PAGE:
4 Tips for Avoiding Costly Hiring Mistakes

by Jennifer Miller on April 19, 2016

in Human Resources, Workplace Issues

lady hand on head mistakeHow many interviews should a company conduct to find the ideal job candidate? What role does “gut instinct” play in hiring? Is there a perfect applicant screening process? These are the questions that HR directors and hiring managers grapple with every day.

The answer is discouraging, yet unsurprising: it’s a lot more complicated than you think.

I get phone calls from people in charge of hiring who want to know, “what’s the best way to avoid making a hiring mistake?” These HR professionals, small business owners and hiring managers in large companies know that the hiring process is a lengthy, expensive proposition. They want to minimize their exposure to costly hiring mistakes.

Although there isn’t a perfect solution, there are a few hiring practices that can help you find a “sweet spot” between super-elaborate systems and winging it. Derek Thompson, Senior Editor for The Atlantic, writes that even smart people sometimes get hiring wrong, in his article The Science of Smart Hiring. Among their mistakes: conducting too many interviews, relying on their “gut,” and looking for attributes and credentials that aren’t correlated to actual job success. Among the hiring processes that Thompson reported, one successful system stood out for me: Google’s “Rule of Four” interviewing process. Google, the master of analytics, has finally hit upon what they see as the “magic number” of interviews that prospective new hires must go through—four. Too many more than that and you’re not getting much additional value. Less than that lowers the ability to make a successful selection. And it’s not the actual number that is so magical, it’s the careful orchestration of who does the interviewing.

This makes sense to me. When I was a hiring manager, we had a similar system in place in a couple of the organizations where I worked. We didn’t know about the data that said four interviews were ideal, but we did use some of the same tactics highlighted in The Atlantic piece. Here are some key points to consider if you want to create your company’s version of The Rule of Four.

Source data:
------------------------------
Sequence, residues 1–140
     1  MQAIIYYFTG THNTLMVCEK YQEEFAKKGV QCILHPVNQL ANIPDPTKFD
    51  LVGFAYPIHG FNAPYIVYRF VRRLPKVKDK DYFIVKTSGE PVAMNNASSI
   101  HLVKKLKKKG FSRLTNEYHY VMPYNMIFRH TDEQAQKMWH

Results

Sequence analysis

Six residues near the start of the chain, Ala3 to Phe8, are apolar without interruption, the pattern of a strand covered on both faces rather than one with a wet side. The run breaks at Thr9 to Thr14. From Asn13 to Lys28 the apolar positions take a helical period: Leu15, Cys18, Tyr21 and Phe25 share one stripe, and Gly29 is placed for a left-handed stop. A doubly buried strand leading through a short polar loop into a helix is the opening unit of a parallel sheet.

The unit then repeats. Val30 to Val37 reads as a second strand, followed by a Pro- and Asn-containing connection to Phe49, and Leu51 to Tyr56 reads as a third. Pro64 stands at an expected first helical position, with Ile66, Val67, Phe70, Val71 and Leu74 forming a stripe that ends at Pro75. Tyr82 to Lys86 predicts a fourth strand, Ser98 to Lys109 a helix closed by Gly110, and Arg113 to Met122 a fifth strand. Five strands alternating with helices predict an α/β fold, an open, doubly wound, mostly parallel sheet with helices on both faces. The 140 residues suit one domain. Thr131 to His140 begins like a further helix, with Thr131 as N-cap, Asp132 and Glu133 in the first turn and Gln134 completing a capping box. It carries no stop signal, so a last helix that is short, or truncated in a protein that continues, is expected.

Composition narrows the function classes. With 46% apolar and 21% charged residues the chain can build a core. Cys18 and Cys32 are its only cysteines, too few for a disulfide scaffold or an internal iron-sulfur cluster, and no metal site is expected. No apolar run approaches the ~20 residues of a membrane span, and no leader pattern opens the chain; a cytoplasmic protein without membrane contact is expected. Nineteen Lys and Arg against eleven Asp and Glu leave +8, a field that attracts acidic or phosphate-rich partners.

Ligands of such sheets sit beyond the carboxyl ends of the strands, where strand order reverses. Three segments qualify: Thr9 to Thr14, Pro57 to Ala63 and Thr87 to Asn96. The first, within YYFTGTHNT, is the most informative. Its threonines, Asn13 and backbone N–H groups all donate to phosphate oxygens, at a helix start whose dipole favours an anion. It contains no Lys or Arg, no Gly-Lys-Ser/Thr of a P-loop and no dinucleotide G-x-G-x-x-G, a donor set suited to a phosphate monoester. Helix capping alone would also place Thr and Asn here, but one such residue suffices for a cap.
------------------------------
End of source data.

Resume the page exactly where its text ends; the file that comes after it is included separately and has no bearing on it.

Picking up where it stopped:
Begin with the end in mind. Before you do even one interview, get very clear about the attributes and skills that will make a person successful in this job. The more specific you are about what this person needs to do on a daily basis, the better chance you have of communicating that to your HR team. Prioritize what you want. Yes, we all want fabulous candidates with perfect track records, at a very affordable salary. That’s not realistic; you’ll need to decide which skills are the most important and look for those skills first.

Carefully select your interviewing team. Choose people who are adept interviewers and represent a diverse set of skills and opinions. Also choose people who understand the job well enough to accurately gauge if the job candidate is well-qualified. Most importantly, choose interviewers who will honor your interview questions and not ask random, unhelpful questions that won’t glean you useful information.

Use a systematic interviewing process. I’m a big fan of the behavioral interviewing technique. Years ago, I learned about behavioral interviewing from DDI’s Targeted Selection program. When you conduct a behavioral interview, you ask interviewees to describe what they’ve done in past job situations that would demonstrate their ability to do the job you’re interviewing them for.  Here’s a great article on behavioral interviewing from the ERE Recruiting blog to get you started.

Compare notes. One of the most overlooked parts of the interview process is what happens after the candidates are interviewed. Make “data debrief” part of your process. Here’s how it works: after all the interviewers have talked with the candidates, gather in a room and discuss each interviewee, one by one.   It’s important to do this because every interviewer sees slightly different elements to each candidate. When you get together in room (or on the phone, if you are in different locations) to hash out your impressions, you can more easily discuss the pros and cons of each candidate’s track record. You also eliminate certain biases such as, “I really liked her because she went to the same university as I did.”

There is no magical formula for hiring the ideal job candidate. But there are things you can do to improve your odds of adding the most talented team members who will best fit into your organization. Take a page from Google’s Rule of Four to help form a solid foundation for your hiring practices.

Copyright: sifotography / 123RF Stock Photo

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